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13 How is chlorine distributed in the stratosphere?


This article is from the Ozone Depletion: Stratospheric Chlorine and Bromine FAQ, by Robert Parson rparson@spot.colorado.edu with numerous contributions by others.

13 How is chlorine distributed in the stratosphere?

Over the past 20 years an enormous effort has been devoted to
identifying sources and sinks of stratospheric chlorine. The
concentrations of the major species have been measured as a
function of altitude, by "in-situ" methods ( e.g. collection
filters carried on planes and balloons) and by spectroscopic
observations from aircraft, balloons, satellites, and the Space
Shuttle. From all this work we now have a clear and consistent
picture of the processes that carry chlorine through the stratosphere.

Let us begin by asking where inorganic chlorine is found. In the
troposphere, the HCl mixing ratio decreased markedly with increasing
altitude. In the stratosphere, on the other hand, it _increases_ with
altitude, rapidly up to about 35 km, and then more slowly up to 55km
and beyond. This was noticed as early as 1976 [Farmer et al.]
[Eyre and Roscoe] and has been confirmed repeatedly since. Chlorine
Nitrate (ClONO2), the other important inorganic chlorine compound in
the stratosphere, also increases rapidly in the lower stratosphere, and
then falls off at higher altitudes. These results strongly suggest
that HCl in the stratosphere is being _produced_ there, not drifting
up from below.

Let us now look at the organic source gases. Here, the data show
that the mixing ratios of the CFC's and CCl4 are _nearly independent
of altitude_ in the troposphere, and _decrease rapidly with altitude_
in the stratosphere. The mixing ratios of the more reactive
hydrogenated compounds such as CH3CCl3 and CH3Cl drop off somewhat
in the troposphere, but also show a much more rapid decrease in
the stratosphere. The turnover in organic chlorine correlates
nicely with the increase in inorganic chlorine, confirming the
hypothesis that CFC's are being photolyzed as they rise high enough
in the stratosphere to experience enough short-wavelength UV. At
the bottom of the stratosphere almost all of the chlorine is
organic, and at the top it is all inorganic. [Fabian et al. ]
[Zander et al. 1987, 1992, 1996] [Penkett et al.]

Finally, there are the stable reaction intermediates, COF2 and
COFCl. These have been found in the lower and middle stratosphere,
exactly where one expects to find them if they are produced from
organic source gases and eventually react to give inorganic chlorine.

For example, the following is extracted from Tables II and III of
[Zander et al. 1992]; they refer to 30 degrees N Latitude in 1985.
I have rearranged the tables and rounded some of the numbers, and
the arithmetic in the second table is my own.

Organic Chlorine and Intermediates, Mixing ratios in ppbv

Alt.,  CH3Cl CCl4 CCl2F2 CCl3F CHClF2 CH3CCl3 C2F3Cl3  ||  COFCl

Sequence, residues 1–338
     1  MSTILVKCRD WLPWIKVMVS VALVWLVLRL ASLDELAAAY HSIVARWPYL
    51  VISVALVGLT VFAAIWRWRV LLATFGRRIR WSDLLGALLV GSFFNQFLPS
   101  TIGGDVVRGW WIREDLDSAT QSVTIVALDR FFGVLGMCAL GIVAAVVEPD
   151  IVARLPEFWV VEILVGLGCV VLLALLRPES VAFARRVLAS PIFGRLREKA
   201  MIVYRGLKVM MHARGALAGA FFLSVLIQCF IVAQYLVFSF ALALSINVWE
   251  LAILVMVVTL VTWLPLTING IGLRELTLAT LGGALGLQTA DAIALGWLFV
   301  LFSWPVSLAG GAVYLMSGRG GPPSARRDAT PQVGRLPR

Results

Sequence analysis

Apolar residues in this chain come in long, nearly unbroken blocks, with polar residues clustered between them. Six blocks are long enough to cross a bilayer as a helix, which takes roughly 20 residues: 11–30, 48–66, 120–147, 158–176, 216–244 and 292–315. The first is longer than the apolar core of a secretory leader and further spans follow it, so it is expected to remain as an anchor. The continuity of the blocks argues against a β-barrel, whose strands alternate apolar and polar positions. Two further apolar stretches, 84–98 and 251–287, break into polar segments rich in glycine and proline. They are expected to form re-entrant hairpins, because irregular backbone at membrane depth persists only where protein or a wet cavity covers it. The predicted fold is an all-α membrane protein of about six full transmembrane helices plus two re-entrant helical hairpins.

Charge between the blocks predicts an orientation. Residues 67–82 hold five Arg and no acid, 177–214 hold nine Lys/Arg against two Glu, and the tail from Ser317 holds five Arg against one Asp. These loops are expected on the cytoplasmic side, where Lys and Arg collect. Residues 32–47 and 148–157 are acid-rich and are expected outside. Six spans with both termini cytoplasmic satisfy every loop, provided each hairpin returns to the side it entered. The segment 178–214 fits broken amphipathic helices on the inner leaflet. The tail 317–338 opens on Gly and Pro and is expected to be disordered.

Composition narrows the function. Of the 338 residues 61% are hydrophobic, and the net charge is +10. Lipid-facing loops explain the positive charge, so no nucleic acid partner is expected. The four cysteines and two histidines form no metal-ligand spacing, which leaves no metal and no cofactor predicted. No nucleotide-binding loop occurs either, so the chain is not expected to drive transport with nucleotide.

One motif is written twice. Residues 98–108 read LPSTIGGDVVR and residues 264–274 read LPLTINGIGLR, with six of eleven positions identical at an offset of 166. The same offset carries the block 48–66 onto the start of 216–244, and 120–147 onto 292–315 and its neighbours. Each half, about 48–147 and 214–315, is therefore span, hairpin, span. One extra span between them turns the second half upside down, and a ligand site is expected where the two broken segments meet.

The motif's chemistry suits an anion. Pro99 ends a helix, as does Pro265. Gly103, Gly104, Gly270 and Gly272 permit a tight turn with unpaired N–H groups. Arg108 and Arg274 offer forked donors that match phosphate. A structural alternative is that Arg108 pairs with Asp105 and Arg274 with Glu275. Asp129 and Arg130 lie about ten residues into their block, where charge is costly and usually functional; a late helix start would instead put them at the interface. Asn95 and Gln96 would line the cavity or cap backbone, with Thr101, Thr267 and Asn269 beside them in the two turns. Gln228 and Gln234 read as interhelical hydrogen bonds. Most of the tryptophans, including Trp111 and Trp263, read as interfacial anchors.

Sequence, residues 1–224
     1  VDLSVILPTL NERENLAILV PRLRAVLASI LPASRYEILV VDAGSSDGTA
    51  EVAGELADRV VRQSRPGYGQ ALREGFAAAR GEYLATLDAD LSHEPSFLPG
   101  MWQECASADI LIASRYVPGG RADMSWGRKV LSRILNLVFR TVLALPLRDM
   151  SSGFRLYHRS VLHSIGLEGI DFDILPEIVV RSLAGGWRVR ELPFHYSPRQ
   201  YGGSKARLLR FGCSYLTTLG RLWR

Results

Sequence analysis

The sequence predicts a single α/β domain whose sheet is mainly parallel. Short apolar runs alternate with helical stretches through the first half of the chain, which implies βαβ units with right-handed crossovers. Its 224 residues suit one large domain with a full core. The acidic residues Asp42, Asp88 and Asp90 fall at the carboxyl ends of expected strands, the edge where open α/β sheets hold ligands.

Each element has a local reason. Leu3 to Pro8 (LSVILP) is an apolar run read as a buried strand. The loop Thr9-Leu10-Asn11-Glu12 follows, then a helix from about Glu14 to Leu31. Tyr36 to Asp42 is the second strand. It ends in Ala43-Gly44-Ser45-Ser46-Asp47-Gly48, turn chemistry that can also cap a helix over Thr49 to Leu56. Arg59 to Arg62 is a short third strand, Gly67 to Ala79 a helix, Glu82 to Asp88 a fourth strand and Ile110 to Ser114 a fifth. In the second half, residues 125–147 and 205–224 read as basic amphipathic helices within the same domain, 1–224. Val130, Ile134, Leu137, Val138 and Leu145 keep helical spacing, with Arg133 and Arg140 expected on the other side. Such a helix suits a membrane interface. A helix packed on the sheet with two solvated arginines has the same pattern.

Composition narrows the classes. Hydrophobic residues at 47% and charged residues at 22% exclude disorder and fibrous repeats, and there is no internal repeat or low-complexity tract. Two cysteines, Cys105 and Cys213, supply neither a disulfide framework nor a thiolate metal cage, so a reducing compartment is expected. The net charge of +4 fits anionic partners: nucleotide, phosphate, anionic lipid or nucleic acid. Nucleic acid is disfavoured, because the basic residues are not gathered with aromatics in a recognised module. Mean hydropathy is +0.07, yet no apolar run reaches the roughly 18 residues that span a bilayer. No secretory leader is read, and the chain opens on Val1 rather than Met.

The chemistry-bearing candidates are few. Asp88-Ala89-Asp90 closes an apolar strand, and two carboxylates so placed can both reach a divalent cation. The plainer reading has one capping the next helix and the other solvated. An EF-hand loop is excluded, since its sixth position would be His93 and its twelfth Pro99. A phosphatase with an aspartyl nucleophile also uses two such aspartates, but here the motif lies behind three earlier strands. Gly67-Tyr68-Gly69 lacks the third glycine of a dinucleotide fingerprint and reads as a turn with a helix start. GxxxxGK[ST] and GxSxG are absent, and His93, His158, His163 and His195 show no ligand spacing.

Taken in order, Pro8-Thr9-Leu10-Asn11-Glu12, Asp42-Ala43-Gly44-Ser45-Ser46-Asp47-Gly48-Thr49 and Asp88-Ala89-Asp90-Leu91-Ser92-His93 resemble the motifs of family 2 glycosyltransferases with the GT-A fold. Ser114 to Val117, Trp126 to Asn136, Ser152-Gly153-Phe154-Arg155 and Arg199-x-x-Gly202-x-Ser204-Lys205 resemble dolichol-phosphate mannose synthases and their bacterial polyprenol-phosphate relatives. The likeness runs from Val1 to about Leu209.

12.5  .580  .100  .310  .205  .066     .096    .021    ||  .004
15    .515  .085  .313  .190  .066     .084    .019    ||  .010
20    .350  .035  .300  .137  .061     .047    .013    ||  .035
25    .120   -    .175  .028  .053     .002    .004    ||  .077
30     -     -    .030   -    .042      -       -      ||  .029
40     -     -     -     -     -        -       -      ||   -

Inorganic Chlorine and Totals, Mixing ratios in ppbv

Alt., HCl  ClONO2   ClO  HOCl   ||   Total Cl,  Total Cl,  Total Cl
                                ||   Inorganic   Organic
km                              ||
12.5   -     -       -     -    ||       -       2.63        2.63
15    .065   -       -     -    ||     0.065     2.50        2.56
20    .566  .212     -     -    ||     0.778     1.78        2.56
25   1.027  .849    .028  .032  ||     1.936     0.702       2.64
30   1.452 1.016    .107  .077  ||     2.652     0.131       2.78
40   2.213 0.010    .234  .142  ||     2.607       -         2.61

I have included the intermediate COFCl in the Total Organic column.
It should be noted that COFCl was not measured directly in this
experiment, although the related intermediate COF2 was.

This is just an excerpt. The original tables give results every 2.5km
from 12.5 to 55km, together with a similar inventory for Fluorine.
Standard errors on total Cl were estimated to be 0.02-0.04 ppbv.
[Zander et al. 1996] provide a similar inventory for the year 1994;
once again the total chlorine at any altitude is approximately
constant, but at ~3.5 ppbv instead of ~2.6 ppbv, indicative of
the increase in anthropogenic halocarbons between 1985 and 1994.

Notice that the _total_ chlorine at any altitude is nearly constant
at ~2.5-2.8 ppbv. This is what we would expect if the sequence of
reactions that leads from organic sources to inorganic reservoirs
was fast compared to vertical transport. Our picture, then, would be
of a swarm of organic chlorine molecules slowly spreading upwards
through the stratosphere, being converted into inorganic reservoir
molecules as they climb. In fact this oversimplifies things -
photolysis pops off a single Cl atom which does reach its final
destination quickly, but the remaining Cl atoms are removed by a
sequence of slower reactions. Some of these reactions involve
compounds, such as NOx, which are not well-mixed; moreover,
"horizontal" transport does not really take place along surfaces of
constant altitude, so chemistry and atmospheric dynamics are in fact
coupled together in a complicated way. These are the sorts of issues
that are addressed in atmospheric models. Nevertheless, this simple
picture helps us to understand the qualitative trends, and quantitative
treatments confirm the conclusions [McElroy and Salawich]
[Russell et al. 1996].

We conclude that most of the inorganic chlorine in the stratosphere
is _produced_ there, as the end product of photolysis of the organic
chlorine compounds.


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